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The Pleiades                             The Hyades

Some of the most unusual and creative patterns on 19th century American flags are seemingly random configurations of stars. Not only are they visually intriguing and memorable, but they also make you wonder what may be behind the pattern and why someone would make a flag in a particular way. The first clue to the meaning in the stars on this flag is the different sizes of stars. This correlates to an "asterism", or a particularly identifiable part of a star constellation. Asterisms such as the bowl of the Big Dipper or the belt of Orion the Hunter are easily identifiable in the sky due to the large, primary stars in a unique formation that stand out in the field of smaller stars. One of the most famous asterisms is the Pleiades, also known as the "Seven Sisters", which is a small, tight star cluster visible to the naked eye. Galileo drew the Pleiades in 1610 when he first observed them in his telescope, and you can see elements of his sketch in the star pattern on the front of the flag. Note, for example, the arch of stars that matches the arch on the left of the flag. The maker compressed the star formation, but it clearly is representative of the Pleiades.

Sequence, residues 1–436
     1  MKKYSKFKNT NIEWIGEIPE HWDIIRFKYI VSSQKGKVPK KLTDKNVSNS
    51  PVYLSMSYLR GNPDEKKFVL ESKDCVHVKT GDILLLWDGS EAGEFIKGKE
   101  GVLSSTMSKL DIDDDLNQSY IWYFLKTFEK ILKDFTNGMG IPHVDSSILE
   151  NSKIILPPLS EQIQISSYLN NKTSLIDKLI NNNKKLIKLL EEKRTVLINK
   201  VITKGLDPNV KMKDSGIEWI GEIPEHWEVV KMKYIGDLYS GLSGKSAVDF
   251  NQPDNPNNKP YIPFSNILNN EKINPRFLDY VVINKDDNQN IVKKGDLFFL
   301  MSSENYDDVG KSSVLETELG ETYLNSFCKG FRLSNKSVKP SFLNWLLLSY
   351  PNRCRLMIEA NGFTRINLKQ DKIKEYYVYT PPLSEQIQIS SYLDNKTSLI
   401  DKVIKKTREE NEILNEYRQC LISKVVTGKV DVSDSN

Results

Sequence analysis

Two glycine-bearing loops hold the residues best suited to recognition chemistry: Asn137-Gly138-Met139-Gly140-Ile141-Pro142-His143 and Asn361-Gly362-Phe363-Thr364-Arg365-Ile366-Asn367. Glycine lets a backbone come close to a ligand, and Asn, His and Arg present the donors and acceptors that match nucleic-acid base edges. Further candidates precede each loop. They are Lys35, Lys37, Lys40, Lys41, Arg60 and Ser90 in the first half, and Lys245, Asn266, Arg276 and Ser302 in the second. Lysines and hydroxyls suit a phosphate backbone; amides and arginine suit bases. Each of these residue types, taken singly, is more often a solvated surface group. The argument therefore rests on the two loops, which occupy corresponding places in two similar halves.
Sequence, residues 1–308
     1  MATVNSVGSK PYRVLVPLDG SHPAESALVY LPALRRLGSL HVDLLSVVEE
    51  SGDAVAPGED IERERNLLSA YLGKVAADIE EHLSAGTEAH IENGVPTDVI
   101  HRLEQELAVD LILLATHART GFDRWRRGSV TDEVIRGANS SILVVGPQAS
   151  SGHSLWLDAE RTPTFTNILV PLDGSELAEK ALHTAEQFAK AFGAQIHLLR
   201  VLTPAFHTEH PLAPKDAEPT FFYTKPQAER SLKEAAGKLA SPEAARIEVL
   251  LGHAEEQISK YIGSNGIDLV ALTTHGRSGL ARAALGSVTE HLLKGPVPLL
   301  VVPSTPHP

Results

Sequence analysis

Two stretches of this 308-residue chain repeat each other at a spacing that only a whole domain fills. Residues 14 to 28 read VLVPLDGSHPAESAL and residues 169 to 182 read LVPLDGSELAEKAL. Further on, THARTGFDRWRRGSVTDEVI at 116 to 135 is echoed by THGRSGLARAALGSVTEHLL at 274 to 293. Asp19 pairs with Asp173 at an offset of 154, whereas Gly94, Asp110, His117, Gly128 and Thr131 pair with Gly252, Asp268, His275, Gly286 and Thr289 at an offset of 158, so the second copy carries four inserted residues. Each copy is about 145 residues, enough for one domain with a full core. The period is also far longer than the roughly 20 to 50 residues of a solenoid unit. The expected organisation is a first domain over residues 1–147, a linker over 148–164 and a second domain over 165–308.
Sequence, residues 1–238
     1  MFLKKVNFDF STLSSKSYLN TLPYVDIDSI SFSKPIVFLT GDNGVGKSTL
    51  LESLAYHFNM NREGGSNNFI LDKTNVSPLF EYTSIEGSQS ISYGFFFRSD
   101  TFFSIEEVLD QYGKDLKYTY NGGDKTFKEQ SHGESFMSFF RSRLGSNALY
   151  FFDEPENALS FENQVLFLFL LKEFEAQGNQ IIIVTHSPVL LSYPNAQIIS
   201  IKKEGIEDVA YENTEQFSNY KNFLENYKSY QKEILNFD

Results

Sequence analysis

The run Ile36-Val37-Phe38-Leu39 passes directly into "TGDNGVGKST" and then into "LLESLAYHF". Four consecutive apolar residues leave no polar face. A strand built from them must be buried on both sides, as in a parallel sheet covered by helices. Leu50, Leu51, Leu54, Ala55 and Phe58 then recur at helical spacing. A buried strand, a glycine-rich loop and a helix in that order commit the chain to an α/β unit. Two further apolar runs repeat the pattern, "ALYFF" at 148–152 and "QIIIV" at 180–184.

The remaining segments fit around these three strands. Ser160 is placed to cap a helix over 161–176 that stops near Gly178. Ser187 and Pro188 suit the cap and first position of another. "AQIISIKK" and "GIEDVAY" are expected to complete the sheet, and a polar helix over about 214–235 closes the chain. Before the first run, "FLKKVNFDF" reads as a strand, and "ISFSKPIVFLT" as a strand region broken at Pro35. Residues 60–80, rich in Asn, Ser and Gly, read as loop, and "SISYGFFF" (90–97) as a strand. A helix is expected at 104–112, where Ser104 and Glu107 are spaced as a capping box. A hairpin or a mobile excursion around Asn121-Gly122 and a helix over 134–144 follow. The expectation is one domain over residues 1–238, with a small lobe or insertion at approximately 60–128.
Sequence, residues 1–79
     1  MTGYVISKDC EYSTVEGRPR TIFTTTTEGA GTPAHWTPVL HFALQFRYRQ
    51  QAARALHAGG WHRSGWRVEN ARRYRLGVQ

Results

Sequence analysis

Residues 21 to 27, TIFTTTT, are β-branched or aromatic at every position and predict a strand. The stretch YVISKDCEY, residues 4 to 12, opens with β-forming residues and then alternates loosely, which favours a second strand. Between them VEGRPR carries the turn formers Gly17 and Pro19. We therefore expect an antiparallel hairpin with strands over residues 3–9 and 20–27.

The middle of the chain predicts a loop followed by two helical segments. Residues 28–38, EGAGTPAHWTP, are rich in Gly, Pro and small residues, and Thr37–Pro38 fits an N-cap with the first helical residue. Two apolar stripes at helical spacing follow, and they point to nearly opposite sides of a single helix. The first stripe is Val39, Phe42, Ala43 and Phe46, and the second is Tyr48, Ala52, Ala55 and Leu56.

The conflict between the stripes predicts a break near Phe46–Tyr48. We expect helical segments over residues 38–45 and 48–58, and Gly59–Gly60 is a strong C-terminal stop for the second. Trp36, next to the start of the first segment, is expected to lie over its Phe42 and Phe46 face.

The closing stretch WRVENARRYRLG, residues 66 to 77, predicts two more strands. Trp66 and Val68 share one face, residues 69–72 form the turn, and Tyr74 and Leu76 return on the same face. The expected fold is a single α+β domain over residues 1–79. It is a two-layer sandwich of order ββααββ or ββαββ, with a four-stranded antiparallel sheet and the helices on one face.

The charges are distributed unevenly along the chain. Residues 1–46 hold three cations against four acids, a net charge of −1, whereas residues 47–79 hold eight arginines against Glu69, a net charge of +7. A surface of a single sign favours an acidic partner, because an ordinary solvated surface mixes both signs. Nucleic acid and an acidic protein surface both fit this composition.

Galileo's 1610 sketch of the Pleiades contains 36 stars, including  the seven largest stars and the arc of stars seen also on the 37 Star flag.

The reverse of the flag shows the Hyades, a neighbor of the Pleides, with its recognizable, prevalent V shaped pattern of large stars. Both the Pleiades and Hyades are located very close to each other, in the same neighborhood of the night sky. They are seen together in the image below.

The Pleiades, top right, and the Hyades, bottom left, are in close visual proximity to each other in the night sky.

Even the maker's selection of a deep, dark blue canton color supports the intention of making a constellation flag. The only other constellation flag that I'm aware of that features an asterism is the Abolitionist Flag, IAS-00400, which depicts the bowl of the Big Dipper and the North Star. Overall this beautiful flag is an extraordinary and unique American flag that literally reflecting the guidance of the Flag Act of 1777 that describes the "stars, white in a blue field, representing a new Constellation." It is an exceptionally rare, unique, and fascinating flag to behold.

Learn more about the great variety of Star Patterns on American Flags. Star Count: 37

Date: 1867-1876

Era: Centennial

Statehood: Nebraska

Construction: Cotton

Catalog Number: IAS-00535


Hop Bitters
"$1000 in Gold!", 13 Stars, c1880

Except where cited otherwise, all content 2010-2020 by Anthony Iasso   

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